Today is the day! Snowflake is now in preview on Google Cloud Platform (GCP) in the us-central1 region. This news is something Snowflake fans have been looking forward to for quite some time, but now that it’s finally here, I wanted to share why this is a big move in the right direction.
The GCP launch signifies the next steps that Snowflake has been preaching for quite some time, and it’s really exciting to see this come to fruition. Looking at how the Snowflake ecosystem is now changed, we can see the following benefits to moving workloads into Snowflake.
This is a key differentiator that Snowflake has always talked about, even when they were only available on AWS. Snowflake’s availability on AWS, GCP and Azure makes it the only cloud-agnostic data warehouse that is delivered as a service. Redshift, BigQuery and Azure data warehouses all require a relationship with a single cloud vendor, and each of these cloud vendors sells their own tools for ETL, visualization and analysis.
Snowflake does not require a relationship with a cloud vendor, nor do they sell tools for ETL, visualization or analysis. They have one game, and that game is being the best data warehouse available. When you bring together the best data warehouse, the best ETL tool, the best visualization tool and the best analytic tool, you’re going to end up with the best solution. Snowflake’s cloud-agnostic approach makes that much more possible.
When I first heard about the idea of deploying on multiple cloud providers, I was concerned you would still end up with a favorite. After some preliminary testing with Snowflake on Azure, I can confirm that there are minimal differences, if any at all.
At the core of Snowflake’s architecture, they are running virtual machines for compute and blobs for storage. Whether it is Snowflake on GCP, Snowflake on Azure or Snowflake on AWS, the architecture is going to be the same, and it is going to function more or less the same. If I’m running a query, I really don’t care whether it’s an EC2 or a GCE instance delivering it. Snowflake has figured out how to place these platforms on level playing fields, using the same resources in the same way to deliver the same product. This architecture will allow Snowflake customers to easily migrate workloads between the clouds if needed.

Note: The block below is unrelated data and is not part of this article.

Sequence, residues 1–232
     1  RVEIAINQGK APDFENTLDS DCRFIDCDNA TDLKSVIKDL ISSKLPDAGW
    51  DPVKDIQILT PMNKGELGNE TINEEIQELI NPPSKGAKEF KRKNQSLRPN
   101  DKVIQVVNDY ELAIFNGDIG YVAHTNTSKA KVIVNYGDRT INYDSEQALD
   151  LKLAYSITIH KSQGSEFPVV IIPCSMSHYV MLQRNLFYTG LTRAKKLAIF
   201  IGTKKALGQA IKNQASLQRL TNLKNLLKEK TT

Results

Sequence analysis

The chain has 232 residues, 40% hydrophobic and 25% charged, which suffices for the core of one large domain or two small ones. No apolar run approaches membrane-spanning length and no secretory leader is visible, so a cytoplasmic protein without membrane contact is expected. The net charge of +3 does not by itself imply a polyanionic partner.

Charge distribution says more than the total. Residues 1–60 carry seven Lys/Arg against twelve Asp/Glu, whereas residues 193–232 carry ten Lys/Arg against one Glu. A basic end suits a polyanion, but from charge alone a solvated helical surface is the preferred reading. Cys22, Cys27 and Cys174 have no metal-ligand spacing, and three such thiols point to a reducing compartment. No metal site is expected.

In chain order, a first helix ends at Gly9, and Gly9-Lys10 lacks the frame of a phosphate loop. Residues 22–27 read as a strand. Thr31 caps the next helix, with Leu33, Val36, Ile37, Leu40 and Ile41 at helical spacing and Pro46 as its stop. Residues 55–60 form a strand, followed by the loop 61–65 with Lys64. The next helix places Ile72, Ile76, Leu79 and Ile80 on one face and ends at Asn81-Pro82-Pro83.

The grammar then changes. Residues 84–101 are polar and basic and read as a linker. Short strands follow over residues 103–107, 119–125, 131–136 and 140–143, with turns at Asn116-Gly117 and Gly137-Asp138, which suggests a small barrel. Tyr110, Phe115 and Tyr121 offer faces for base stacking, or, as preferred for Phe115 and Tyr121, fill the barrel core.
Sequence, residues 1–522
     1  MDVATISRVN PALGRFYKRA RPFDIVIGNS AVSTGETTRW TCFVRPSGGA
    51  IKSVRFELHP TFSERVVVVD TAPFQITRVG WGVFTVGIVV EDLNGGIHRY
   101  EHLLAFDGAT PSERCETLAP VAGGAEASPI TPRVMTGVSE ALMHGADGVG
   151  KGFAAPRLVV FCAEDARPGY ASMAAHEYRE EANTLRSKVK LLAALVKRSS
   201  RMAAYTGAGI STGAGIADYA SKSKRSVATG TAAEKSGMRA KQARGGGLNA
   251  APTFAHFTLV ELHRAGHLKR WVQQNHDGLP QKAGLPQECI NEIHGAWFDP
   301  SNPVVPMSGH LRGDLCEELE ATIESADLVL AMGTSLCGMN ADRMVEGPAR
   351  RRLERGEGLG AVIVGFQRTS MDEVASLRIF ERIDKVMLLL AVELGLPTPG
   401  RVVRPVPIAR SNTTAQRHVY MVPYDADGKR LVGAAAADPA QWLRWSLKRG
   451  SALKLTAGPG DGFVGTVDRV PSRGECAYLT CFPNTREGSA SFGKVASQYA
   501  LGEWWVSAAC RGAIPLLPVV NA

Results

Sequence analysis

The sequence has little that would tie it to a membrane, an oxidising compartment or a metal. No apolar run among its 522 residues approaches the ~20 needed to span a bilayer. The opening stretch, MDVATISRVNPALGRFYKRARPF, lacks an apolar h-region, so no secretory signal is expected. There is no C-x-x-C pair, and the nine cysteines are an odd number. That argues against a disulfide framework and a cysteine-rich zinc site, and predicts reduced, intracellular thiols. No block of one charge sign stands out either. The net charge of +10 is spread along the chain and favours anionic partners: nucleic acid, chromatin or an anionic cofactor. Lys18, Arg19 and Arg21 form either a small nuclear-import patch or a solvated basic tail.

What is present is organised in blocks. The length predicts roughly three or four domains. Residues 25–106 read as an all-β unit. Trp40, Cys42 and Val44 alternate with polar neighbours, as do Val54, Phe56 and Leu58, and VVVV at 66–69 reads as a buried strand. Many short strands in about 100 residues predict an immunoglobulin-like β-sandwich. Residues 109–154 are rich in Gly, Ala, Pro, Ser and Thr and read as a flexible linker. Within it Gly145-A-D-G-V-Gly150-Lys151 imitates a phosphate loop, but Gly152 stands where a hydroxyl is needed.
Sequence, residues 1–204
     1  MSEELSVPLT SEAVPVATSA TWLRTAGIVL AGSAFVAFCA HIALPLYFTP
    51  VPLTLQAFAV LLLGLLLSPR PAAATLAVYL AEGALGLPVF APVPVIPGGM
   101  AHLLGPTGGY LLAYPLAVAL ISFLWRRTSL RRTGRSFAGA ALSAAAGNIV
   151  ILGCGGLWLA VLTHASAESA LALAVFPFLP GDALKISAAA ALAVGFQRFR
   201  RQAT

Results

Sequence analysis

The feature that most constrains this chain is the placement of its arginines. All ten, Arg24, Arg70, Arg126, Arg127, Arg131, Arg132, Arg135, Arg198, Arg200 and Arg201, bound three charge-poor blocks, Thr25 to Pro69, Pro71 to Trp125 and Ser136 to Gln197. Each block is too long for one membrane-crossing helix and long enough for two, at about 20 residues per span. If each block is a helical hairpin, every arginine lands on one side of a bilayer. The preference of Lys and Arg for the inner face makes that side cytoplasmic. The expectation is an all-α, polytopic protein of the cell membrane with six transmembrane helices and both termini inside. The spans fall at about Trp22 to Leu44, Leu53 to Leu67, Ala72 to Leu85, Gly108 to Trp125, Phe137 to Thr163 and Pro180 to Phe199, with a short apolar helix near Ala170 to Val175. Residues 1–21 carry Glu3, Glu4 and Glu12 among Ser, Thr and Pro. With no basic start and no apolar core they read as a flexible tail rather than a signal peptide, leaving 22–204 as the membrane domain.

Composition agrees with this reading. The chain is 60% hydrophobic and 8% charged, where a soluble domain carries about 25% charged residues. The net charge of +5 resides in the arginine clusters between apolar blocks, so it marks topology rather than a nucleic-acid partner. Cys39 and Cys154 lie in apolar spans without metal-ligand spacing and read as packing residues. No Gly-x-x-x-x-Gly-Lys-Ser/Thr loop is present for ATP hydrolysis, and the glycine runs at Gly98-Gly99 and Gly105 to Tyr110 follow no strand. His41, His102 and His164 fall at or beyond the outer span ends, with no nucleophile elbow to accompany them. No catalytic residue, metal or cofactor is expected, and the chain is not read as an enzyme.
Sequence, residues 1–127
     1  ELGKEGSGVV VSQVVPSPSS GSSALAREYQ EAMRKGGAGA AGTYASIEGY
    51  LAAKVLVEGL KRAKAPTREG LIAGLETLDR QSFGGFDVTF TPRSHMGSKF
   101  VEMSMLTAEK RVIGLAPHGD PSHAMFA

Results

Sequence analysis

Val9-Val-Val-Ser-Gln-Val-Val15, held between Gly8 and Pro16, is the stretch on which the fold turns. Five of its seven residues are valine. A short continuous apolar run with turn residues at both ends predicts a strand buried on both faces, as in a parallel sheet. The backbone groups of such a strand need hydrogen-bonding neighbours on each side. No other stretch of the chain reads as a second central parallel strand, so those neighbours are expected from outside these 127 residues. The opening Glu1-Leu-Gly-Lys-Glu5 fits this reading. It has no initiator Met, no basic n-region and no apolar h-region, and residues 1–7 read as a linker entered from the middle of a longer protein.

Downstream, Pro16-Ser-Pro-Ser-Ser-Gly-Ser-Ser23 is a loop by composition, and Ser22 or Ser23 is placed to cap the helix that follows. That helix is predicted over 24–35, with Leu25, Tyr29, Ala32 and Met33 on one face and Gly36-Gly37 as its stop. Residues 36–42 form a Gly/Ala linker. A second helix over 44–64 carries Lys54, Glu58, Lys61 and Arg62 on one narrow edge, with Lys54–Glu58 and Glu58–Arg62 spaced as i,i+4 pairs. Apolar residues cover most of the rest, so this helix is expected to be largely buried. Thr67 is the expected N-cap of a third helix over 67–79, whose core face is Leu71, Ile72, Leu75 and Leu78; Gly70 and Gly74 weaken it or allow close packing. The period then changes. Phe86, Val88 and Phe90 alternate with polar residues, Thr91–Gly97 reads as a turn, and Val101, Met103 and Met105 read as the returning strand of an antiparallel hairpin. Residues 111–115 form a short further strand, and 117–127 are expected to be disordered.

Integration with GCP Big Data Tools
I do not have very much experience in the Google Cloud world, but to be honest, every time I hear it mentioned, it appears to have a big data focus. It appears to be the cornerstone that Google will focus their services on, and the announcement states that Snowflake on GCP will soon be able to integrate with Google’s Big Data Analytics platform. This is exciting because that platform contains products like Alooma, Cloud Composer (managed Airflow) and Dataproc. I am personally very excited to get in and start playing with the new toys—I’m already bugging Tim Rhymer about getting us a sandbox.
At Snowflake Summit, there were a few mentions of Global Snowflake. Global Snowflake is the idea of a data warehouse that is truly cloud agnostic, offering cross-cloud and cross-regional replication that would provide unmatched availability, disaster recovery and other benefits. In this world, you are just a customer of Snowflake, and they orchestrate the interactions between Cloud Providers on your behalf.
The launch on GCP pushes Snowflake closer to this goal, and I am excited to see the ideas here come together. As GCP pushes into preview, the future is bright for Snowflake.
This launch is exciting for Snowflake and for cloud data warehousing as a whole. Snowflake is placing all the power of your data in your own hands, and we couldn’t be more excited to continue partnering with them.
You can find the full press release from Snowflake on their website. Feel free to drop comments below and let me know what you think. As always, if you have any questions about cloud data warehousing, feel free to reach out to me on LinkedIn.